The Decade in Thanks


Homemade gang jued

It’s hard to believe, but despite (occasionally) some of my best efforts, this blog will soon be a decade old. Since then, I have published two street food guides and occasionally been on TV — though efforts to make that a regular thing have been met this way:


Me greeting television executives

(via GIPHY)

All the same, it’s not bad for a blog that was originally meant to last for a year. I sometimes enjoy going back and reading the posts that I wrote when I was 5 kg lighter. They seem hopeful, funny even, unmarred by middle age. However, my favorite post ever remains this one.

So, even though I had stopped doing Thanksgiving posts, I’m doing one today, to not only recap nearly a decade of this blog but to force myself to give thanks for nearly a decade of the friends and experiences that Bangkok Glutton made possible. I still meet interesting people because of it every year, and I am still surprised by it.

Also, I have a lot of unused photos on my phone:


Amuse-bouches at Pru in Phuket

Also this one:


Squid that dissolves into noodle strands in broth at the Front Room

Thinking about this post on one of my interminable walks in Auckland (yes, I am still here), I could think of something food-related that I could be genuinely thankful for. And that is the food in Thailand. Not just the food that we’ve always had — like the gang jued that your parents who have been driving you crazy during their two-week visit make for you to make you forget that they drove you crazy — but exciting new food made by chefs who clearly love their Thai cuisine and Thai ingredients and want to champion Thai growers and Thai knowledge. That this comes at a time when a wave of extreme right views seems to be taking root in other parts of the world, and when people who have been in power for centuries can act the aggrieved party when the historically disenfranchised and dismissed ask for their voices to be heard … well, this is moving to me.

There was a time, in a climate like this, that chefs in Thailand would want to dress up their food in Western trappings and Western techniques in a bid to “improve” that food. Chefs are still using those techniques, but not for the colonialist fantasy of fusion cuisine, meant to address a local cuisine’s deficiencies from a Western point of view. Chefs are now using cooking techniques that are now accepted in every part of the fine dining world, but in the service of old cooking traditions, like incorporating scent or smoking or using charcoal. The focus is now on the Thai-ness of it, the farmers and breeders, the local “wisdom”, the soil that nurtures the animals and produce that we eat — even in restaurants where the food or the chefs are not necessarily Thai, it (and they) are still Thai-informed. Even with the influence of Michelin on the dining scene, and how that influence inevitably shapes the dining experience in ambitious restaurants seeking accolades, the instinct, now, is still to be proud of this Thai-ness (or in the case of restaurants like Haoma, in triumphant expressions of their own identities).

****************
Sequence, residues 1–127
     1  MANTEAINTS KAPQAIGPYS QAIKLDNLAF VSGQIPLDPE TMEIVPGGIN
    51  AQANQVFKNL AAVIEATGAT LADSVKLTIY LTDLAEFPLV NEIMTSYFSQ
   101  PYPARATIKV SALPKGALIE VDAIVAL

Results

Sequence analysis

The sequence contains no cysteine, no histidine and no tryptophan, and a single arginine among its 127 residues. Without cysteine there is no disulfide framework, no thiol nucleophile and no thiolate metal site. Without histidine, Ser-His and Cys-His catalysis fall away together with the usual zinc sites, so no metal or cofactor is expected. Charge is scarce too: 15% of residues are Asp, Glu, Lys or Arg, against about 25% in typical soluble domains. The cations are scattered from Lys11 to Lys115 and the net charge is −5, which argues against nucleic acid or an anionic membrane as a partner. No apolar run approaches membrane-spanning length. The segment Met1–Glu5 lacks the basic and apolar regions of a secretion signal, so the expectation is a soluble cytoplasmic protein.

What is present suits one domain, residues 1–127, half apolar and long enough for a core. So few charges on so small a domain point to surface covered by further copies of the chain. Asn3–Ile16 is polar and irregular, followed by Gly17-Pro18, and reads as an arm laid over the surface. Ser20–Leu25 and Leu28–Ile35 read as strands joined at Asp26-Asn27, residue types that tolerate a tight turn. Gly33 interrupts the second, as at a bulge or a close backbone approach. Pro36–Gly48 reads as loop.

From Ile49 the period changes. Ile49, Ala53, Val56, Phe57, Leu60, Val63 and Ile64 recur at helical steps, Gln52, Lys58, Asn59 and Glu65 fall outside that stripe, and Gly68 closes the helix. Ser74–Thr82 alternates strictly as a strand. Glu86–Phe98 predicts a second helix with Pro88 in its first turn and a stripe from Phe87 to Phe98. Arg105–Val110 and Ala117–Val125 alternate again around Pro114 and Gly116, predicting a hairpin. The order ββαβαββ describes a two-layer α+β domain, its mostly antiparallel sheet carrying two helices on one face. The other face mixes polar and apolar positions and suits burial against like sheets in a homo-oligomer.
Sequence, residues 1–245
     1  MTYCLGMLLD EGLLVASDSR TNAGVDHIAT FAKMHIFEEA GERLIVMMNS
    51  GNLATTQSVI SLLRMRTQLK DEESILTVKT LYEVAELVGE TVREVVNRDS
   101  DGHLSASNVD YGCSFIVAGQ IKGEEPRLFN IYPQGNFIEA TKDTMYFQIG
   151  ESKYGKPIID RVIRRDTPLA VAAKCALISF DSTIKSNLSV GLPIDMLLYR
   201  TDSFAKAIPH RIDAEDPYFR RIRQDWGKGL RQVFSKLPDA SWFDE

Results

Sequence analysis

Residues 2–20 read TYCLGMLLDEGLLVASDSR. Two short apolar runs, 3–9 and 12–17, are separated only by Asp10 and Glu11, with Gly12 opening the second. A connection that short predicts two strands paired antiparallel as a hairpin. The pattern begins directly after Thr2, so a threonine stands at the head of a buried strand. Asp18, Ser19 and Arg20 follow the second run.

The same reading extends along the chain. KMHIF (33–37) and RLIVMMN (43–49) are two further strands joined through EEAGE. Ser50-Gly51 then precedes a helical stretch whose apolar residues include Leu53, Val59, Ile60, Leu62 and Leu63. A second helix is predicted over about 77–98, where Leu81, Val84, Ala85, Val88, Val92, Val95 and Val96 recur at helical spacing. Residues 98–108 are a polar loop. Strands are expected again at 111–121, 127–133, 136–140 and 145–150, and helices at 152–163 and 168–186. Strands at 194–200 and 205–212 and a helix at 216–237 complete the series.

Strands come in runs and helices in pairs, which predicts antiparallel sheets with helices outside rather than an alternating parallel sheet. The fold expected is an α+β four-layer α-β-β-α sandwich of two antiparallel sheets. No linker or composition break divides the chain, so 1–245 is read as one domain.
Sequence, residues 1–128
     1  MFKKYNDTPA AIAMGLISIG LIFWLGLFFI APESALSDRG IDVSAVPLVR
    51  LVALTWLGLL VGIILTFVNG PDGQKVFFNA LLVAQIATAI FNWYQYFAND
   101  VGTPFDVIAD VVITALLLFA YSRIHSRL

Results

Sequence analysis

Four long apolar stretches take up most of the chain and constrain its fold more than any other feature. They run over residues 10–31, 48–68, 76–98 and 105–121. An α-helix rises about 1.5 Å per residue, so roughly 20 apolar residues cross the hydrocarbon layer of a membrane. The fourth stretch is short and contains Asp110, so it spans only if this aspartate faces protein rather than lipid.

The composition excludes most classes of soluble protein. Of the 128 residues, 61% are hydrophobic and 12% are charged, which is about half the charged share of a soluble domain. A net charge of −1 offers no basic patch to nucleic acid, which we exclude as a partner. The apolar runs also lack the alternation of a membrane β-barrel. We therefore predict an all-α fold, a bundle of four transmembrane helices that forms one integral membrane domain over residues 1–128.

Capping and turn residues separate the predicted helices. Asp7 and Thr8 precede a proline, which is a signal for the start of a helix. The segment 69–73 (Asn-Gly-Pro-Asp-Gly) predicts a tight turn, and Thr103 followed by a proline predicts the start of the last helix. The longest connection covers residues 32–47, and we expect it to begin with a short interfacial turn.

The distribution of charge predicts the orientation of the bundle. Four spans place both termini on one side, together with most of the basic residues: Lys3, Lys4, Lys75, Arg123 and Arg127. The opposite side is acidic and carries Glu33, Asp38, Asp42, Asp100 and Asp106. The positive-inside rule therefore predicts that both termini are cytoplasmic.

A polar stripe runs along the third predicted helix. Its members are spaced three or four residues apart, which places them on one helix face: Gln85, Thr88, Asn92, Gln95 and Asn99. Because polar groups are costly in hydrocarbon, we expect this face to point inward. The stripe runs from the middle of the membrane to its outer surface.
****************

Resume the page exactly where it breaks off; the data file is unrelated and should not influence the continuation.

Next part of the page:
This, to me, is liberating in a very personal way that many will probably not understand. We are taking refuge in things that we could never have changed in the first place. There is no denial or wishing that everything was different. There is also no retreat into the faux superiority gained by culinary orthodoxy. We are what we are, hovering in that in-between place that is still being built with every dish we make. What a relief that feels like.

TL;DR. Here are some more photos:


Delicious fish curry and pork belly with stink bean at Taan


Crab with housemate Sriracha and beets at Blackitch Artisan Kitchen


Asian-style steak tartare at Thaan Charcoal Cooking





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4 responses to “The Decade in Thanks

  1. Simon Breen

    Congrats – and thanks! We have one of your books, and have also taken pleasure in recognising you when we’ve seen you appear on TV in recent years! I’ve only more recently discovered your blog, which is always a treat to read, even if it sometimes takes a little while to get around to it…

    Just out of interest, may I ask what the yellow things are in the jang gued? It looks delicious and comforting, and not dissimilar to my wife’s sop misoa (Indonesian-Fujianese wheat flour vermicelli broth).

  2. Congrats on a decade of cutting to the heart of so many interesting ideas on food, fame and world changes. Although I do not live in Bangkok anymore, my missing it is more acute when I read your blog, which is a good thing as it spurs me to come back often. I admit I have seen you on TV at least twice and am embarrassed to say I jumped up and exclaimed,”I know her!” to the mildly interested family members watching. Because reading your blog does that weird thing where you do think you know someone- Here’s to (hopefully) ten more years!

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